• Alan Shoebridge

What to do when your plan falls apart


Three weeks ago, I wrote about how important it is to work your plan. My advice was to allow for some experimentation, but stay focused 80% of the time on what you’ve planned to do. Like many of you who also work in healthcare marketing, my 2020 plan is out the window. Gone, and it might not come back this year. So, what can you do?

When I was a kid, one of my favorite TV shows was “The A-Team.” The highlight of every episode was the leader, Hannibal Smith, saying his catchphrase: "I love it when a plan comes together."


Here is the premise of every episode of the show, at least the first couple of seasons before it got really weird. The team takes an assignment, comes up with a plan and everything goes pretty smoothly at first. Yet, every single time the original plan fails and the team gets put in some situation that at first appears to have no solution. Like getting locked in a warehouse while the bad guys are about to rob a bank or burn down the town or whatever. So, what happens? Well, Hannibal and the team looked around the warehouse for ideas. It appeared pretty bleak at first, but they figured out how to build a tank from a forklift, a hot air balloon out of trash bags or develop some other inconceivable contraption that surprised and overwhelmed their enemies when they came back.

In short, they got creative, maximized their resources and came out the other side in great shape. The intro to the show pretty much sums it up:



This all might sound a bit silly and it is, but I think the same principle applies to what is going on in healthcare right now. Our original plans – however poorly or wonderfully they were designed - have been turned upside down by a situation that we didn't see coming and had no precedent for understanding. We’re adjusting everything on the fly and making use of whatever resources we have. This is the time to fall back on our expertise, our training and do what we know works.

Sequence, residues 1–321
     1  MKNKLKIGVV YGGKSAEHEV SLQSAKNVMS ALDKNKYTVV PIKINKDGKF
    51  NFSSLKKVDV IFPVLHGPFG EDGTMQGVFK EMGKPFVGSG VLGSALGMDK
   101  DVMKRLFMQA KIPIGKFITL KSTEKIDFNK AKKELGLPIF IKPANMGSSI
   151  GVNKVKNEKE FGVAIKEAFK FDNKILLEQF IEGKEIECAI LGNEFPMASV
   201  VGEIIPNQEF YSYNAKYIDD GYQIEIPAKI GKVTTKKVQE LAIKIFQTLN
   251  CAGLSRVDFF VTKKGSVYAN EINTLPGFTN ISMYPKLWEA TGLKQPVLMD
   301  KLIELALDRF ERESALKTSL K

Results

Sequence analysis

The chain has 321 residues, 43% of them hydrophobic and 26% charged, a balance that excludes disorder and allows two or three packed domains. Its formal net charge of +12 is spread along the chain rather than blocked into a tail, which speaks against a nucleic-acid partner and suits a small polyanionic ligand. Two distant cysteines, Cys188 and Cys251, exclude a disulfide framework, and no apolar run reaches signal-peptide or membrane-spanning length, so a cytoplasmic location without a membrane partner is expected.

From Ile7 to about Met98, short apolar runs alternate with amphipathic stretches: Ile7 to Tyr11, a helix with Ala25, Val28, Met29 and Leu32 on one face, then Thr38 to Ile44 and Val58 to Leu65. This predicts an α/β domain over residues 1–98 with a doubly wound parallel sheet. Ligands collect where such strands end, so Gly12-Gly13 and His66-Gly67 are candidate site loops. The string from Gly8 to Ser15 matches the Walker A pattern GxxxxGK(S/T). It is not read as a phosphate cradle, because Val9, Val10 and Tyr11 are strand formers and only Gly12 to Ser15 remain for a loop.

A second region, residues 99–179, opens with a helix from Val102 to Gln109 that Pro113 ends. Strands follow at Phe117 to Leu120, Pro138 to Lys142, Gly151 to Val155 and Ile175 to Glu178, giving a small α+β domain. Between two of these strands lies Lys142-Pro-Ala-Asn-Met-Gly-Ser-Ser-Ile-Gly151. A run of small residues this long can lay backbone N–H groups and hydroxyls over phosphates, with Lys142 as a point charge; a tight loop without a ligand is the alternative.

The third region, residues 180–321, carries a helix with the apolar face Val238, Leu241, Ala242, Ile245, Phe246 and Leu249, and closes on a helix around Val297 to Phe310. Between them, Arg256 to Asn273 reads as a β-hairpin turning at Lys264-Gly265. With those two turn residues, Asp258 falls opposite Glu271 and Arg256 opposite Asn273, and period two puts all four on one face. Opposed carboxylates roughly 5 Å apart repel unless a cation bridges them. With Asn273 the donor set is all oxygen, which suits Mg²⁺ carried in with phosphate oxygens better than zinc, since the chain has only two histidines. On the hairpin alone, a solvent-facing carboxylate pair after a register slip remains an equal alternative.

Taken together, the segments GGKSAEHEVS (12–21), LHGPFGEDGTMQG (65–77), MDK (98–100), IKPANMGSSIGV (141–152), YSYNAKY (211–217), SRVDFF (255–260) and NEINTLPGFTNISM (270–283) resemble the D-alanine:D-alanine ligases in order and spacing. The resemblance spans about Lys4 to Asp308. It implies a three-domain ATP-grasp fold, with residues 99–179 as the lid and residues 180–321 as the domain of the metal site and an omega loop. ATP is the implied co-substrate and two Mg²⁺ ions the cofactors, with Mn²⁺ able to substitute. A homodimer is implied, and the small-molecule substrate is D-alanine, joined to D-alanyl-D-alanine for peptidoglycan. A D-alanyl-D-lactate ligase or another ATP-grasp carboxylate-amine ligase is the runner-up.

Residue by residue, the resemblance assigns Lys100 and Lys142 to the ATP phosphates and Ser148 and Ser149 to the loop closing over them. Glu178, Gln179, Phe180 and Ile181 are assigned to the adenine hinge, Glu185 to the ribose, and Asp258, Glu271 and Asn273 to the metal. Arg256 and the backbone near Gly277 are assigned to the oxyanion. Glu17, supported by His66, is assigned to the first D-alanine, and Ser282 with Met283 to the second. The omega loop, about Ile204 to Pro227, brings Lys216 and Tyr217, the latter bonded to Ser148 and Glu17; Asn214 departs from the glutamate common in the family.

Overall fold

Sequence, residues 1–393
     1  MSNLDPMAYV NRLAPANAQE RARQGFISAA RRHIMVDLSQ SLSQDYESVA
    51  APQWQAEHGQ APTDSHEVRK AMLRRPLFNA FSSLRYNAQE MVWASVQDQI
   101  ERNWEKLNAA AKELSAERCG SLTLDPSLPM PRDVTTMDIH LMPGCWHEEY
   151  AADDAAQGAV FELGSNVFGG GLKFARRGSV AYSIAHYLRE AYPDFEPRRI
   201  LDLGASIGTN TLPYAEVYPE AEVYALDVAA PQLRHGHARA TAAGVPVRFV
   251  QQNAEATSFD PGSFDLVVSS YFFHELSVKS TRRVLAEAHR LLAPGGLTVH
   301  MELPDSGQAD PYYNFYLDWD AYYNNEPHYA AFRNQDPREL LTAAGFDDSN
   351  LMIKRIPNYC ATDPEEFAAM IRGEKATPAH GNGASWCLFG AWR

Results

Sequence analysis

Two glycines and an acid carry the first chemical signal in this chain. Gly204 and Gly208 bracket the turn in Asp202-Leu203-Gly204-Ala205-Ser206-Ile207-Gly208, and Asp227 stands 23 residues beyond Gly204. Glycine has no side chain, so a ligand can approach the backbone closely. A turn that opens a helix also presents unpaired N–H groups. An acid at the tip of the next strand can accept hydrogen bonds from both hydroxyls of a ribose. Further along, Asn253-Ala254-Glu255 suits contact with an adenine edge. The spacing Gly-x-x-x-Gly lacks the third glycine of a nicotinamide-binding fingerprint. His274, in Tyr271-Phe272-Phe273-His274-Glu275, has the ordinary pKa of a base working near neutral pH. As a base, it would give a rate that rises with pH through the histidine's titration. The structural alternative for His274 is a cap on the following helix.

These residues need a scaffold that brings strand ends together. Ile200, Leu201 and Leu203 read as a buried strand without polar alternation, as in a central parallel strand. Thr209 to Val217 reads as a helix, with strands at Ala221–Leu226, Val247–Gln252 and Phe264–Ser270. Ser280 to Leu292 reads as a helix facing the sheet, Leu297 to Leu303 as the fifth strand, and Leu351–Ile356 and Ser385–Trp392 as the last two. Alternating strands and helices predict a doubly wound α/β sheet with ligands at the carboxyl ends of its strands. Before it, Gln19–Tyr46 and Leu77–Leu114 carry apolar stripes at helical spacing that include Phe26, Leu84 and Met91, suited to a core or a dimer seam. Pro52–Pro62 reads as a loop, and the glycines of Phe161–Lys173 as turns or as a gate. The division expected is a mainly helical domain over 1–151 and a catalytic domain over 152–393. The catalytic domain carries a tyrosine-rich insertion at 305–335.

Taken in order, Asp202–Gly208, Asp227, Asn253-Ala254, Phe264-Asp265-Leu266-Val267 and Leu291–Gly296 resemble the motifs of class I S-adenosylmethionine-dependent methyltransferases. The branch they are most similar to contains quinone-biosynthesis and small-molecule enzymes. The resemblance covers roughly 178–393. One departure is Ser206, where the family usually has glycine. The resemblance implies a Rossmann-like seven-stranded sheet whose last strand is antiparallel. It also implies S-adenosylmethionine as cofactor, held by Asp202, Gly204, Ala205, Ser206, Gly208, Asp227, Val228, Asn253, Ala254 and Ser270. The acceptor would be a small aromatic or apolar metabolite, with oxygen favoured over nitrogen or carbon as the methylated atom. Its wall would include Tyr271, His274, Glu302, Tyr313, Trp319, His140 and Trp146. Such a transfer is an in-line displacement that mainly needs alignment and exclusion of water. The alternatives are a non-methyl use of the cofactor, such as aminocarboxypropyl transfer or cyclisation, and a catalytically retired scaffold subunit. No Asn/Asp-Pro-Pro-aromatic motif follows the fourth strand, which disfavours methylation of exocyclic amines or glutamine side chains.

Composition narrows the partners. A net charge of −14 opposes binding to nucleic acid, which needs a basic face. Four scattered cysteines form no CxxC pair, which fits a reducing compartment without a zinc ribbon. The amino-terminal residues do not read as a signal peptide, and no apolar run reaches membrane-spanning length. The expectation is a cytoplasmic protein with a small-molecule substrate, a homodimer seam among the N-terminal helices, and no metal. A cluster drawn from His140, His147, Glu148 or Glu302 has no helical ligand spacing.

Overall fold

In our field specifically, healthcare marketers and communicators need to adjust our messages, move quickly to make decisions, try everything we've been wanting to do to reach our audiences and deliver things of value. We need to help our organizations communicate more directly, more quickly and more transparently than ever before. We need to help implement new technology and meet patients where they are, which in most cases is in their homes staying 6 to 10 feet away from everyone else.

None of this will be easy. It will probably be harder than anything we’ve done in the past or will do in the future. But what’s the alternative? We can’t give up. This is a time where we can make a true difference in helping people stay healthy and safe.

Hannibal wouldn’t accept anything less from his team.

On a less serious closing note: TV in the 1980s


A few years ago, I went back and watched a few episodes of the A-team. They weren't great. The movie remake was an abomination. In my experience, most shows that I watched growing up were mediocre at best and the remakes were truly awful. We live in a much better era for TV now. The one exception for me is the original Magnum P.I. I won't hear a negative word about that show. Ever.



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